The ‘increased recognition of risk management’ should be welcomed by brokers, however those with a ‘simply transactional’ mindset may struggle to place risks, especially for SME clients

Risk management has climbed the corporate agenda and brokers are fast finding themselves facing increasing demands from clients for support and advice on how to make risk management a strategic focus.

This topic has become even more pertinent following the onset of the hard market and the Covid-19 pandemic – both events have tested business continuity plans and brought about new, unprecedented risks that businesses have been scratching their heads over.

Risk management, however, has always been an important part of a good broker’s role – although maybe a less prominent requirement during soft market conditions, according to Richard Graham, Aston Lark’s head of claims and risk management.

He said: “In a soft market, everyone can place a risk. In a hard market, it’s only those brokers that have not just jumped on the ‘risk management boat’ last minute and have been talking to their clients about the importance of managing risk all year-round that are able to truly succeed.

“In a hard market, insurers want to focus on the catastrophic risks and want comfort and reassurance on a wide ranging list, from fire to continuity, to safety.

“An early and constant approach to risk management from a broker will achieve this and consequently enable them to attract the best terms.”

Neil Hodgson, managing director of risk management at Gallagher, added that the hard market has changed the way corporate clients think about risk management.

“The pandemic has seen companies look to their business continuity plans and many believe that while they have had plans in place, they can do better,” he explained.

“Casualty risks are rising due to increased health and safety regulation and we have seen a greater focus in the need to secure a company’s supply chain.

“It has led to more conversations with brokers around risk management. Companies are more open to discussing the issues, which has to be a positive.”

He added that although “risk management has long been seen as an afterthought”, it should - in fact - “be the first part of the insurance conversation”.

Hodgson continued: “When you have managed the risk, then you are able to understand what needs to be mitigated with insurance. For too long, some brokers have turned that equation around.”

The SME opportunity

Insurers are also keen that brokers engage in greater levels of risk management.

“There’s always been brokers in the UK that take the risk management of their clients really seriously,” said Nic Brown, broker divisional director at Markel UK. “And obviously, that’s their role.”

Brown additionally believes that brokers’ risk management lens is especially important in supporting the SME market.

“You’ve got a scenario where some SME customers are more complicated than others in terms of the risk exposures that they have. So, it’s brokers’ ability to understand their customer and the risks they’re likely to face and ensure that the insurance risk mitigation solutions that are being recommended are appropriate.”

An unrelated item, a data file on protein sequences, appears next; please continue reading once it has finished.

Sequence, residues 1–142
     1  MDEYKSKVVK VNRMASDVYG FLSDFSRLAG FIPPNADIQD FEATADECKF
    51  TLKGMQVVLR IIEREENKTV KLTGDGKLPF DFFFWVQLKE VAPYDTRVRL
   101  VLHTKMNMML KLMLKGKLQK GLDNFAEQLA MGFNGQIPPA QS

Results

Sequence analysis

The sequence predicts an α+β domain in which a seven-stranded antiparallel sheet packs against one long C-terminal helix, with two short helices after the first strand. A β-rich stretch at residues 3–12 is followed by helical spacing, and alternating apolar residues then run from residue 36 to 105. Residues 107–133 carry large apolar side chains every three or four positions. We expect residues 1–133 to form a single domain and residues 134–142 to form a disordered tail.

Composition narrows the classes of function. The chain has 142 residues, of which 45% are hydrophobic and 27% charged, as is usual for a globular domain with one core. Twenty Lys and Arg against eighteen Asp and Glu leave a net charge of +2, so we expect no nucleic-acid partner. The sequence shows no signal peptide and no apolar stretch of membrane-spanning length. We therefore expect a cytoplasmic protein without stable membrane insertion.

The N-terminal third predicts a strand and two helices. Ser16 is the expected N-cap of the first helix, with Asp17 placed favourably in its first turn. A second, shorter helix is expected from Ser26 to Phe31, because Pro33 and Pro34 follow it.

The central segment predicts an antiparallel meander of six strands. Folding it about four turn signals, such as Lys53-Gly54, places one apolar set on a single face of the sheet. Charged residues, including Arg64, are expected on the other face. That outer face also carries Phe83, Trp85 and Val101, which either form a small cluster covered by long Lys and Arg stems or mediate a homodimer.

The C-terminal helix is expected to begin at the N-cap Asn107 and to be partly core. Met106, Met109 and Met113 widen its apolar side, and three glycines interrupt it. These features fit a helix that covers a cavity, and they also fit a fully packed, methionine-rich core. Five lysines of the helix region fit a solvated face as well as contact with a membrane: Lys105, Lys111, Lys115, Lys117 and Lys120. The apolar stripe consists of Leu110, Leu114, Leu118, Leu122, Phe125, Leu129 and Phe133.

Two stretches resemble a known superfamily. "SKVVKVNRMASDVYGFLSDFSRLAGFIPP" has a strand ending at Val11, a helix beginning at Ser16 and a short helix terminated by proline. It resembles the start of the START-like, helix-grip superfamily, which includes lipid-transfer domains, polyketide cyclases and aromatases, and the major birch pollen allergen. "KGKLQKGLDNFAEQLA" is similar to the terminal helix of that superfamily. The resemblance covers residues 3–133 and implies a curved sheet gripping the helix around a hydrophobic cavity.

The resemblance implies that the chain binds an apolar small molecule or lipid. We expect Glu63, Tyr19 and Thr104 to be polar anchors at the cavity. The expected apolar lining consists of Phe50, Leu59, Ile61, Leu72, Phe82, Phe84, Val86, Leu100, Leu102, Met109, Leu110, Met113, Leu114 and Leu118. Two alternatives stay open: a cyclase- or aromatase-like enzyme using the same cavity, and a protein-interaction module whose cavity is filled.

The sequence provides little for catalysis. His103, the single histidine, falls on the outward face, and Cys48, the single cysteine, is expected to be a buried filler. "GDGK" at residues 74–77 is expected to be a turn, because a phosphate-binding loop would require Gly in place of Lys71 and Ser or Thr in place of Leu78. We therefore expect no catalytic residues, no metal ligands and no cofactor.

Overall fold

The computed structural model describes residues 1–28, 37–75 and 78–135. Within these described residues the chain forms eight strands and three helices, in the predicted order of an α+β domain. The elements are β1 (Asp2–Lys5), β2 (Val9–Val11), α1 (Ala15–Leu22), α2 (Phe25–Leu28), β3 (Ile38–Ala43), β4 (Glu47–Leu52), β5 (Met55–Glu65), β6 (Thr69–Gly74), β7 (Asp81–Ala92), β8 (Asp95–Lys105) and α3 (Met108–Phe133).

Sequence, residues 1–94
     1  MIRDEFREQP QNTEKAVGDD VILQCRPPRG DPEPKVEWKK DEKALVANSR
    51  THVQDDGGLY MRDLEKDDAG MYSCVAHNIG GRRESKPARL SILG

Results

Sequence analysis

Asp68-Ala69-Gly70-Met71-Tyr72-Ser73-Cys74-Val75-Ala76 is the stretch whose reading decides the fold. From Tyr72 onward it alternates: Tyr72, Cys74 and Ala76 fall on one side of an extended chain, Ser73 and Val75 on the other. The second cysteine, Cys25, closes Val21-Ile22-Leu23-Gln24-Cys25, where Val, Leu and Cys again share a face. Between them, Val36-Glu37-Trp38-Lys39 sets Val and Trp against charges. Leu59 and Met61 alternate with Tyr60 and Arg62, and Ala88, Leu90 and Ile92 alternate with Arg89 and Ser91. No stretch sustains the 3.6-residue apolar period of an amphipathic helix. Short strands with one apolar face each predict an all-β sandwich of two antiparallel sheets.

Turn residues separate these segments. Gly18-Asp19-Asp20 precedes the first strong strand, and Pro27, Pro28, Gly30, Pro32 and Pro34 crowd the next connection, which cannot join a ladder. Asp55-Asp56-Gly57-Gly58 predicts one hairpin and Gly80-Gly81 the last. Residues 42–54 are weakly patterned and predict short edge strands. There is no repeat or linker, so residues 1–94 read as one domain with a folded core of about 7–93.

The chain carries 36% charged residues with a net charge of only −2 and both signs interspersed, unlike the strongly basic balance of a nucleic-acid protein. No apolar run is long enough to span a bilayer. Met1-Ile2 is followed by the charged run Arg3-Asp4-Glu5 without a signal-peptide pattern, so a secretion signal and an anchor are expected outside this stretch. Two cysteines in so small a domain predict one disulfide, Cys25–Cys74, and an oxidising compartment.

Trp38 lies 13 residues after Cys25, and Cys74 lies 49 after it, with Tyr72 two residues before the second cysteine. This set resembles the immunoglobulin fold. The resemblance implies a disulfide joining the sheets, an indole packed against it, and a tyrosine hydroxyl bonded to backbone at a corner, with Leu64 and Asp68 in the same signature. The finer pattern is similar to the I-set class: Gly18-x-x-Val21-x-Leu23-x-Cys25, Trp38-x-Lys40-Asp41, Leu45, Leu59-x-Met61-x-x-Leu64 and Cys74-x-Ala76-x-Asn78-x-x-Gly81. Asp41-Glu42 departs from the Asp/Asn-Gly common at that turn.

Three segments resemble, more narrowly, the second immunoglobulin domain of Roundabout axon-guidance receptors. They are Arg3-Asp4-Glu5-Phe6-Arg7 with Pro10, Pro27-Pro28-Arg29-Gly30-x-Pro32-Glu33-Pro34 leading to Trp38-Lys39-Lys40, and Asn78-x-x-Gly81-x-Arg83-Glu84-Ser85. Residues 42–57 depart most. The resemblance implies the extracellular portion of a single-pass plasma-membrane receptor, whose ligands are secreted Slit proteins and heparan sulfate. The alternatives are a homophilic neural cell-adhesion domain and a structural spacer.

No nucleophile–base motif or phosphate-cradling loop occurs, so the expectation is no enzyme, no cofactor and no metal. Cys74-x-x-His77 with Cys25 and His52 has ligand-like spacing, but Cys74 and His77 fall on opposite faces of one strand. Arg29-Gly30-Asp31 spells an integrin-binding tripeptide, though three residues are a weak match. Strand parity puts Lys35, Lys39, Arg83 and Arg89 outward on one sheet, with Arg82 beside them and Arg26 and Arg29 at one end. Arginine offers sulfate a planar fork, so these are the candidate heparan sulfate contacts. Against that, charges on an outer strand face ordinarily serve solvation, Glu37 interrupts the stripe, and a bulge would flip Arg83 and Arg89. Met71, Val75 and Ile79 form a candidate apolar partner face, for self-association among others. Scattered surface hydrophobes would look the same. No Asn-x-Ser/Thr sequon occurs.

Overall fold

These fundamentals of a brokers’ job role have not changed over the last 25 years, Brown noted, however what “has happened is that risks and exposures have evolved compared to 25 years ago”.

He continued: “Cyber would have been something you’d watch on the television - now every small business has an awareness of how technology can impact them.”

Graham added: “Convincing SME and mid-corporate clients about the importance of having strong risk management measures in place has historically been a struggle. We’ve been trying to convince clients to spend money to solve a problem they don’t know they have.

“Within the industry, we haven’t helped [ourselves]. We’ve used language that is archaic and we’ve focused our risk management solutions at the large corporates.”

Hodgson said it is now clear that SMEs are waking up to the need to adopt risk management systems.

“Smaller enterprises have seen the impact in their business during the pandemic,” he explained.

“They understand the need for risk management and are asking their brokers for more support. Better risk management lowers claims - and with it, premiums.

“There are huge opportunities for brokers, but unless we are having those conversations, we will not be able to deliver these opportunities.

“Those brokers [that] see their role as simply transactional may find they struggle to place their clients’ risks. We have to welcome the increased recognition of risk management and the role that the broker can and should play.”

At the ‘fork’ in the risk management road

Brown emphasised that brokers now have a choice to make.

“Brokers are standing at a fork in the road,” he explained.

“They have two choices - go down the general piece and ensure that, for certain customers, they can provide advice and guidance across a broad range of products.

“Or, they can look at customers with more specialist requirements and more complex risks that need to be managed and go down the route of making sure that they’re providing that specialist risk management advice and adding value.

“[These are the] two options and you can do both as a broker. But for me, the role of the broker has always been about trying to balance those two.

“There is a choice to be made and one route is all about customer focused activity and the other group [is] probably more around the volume play.”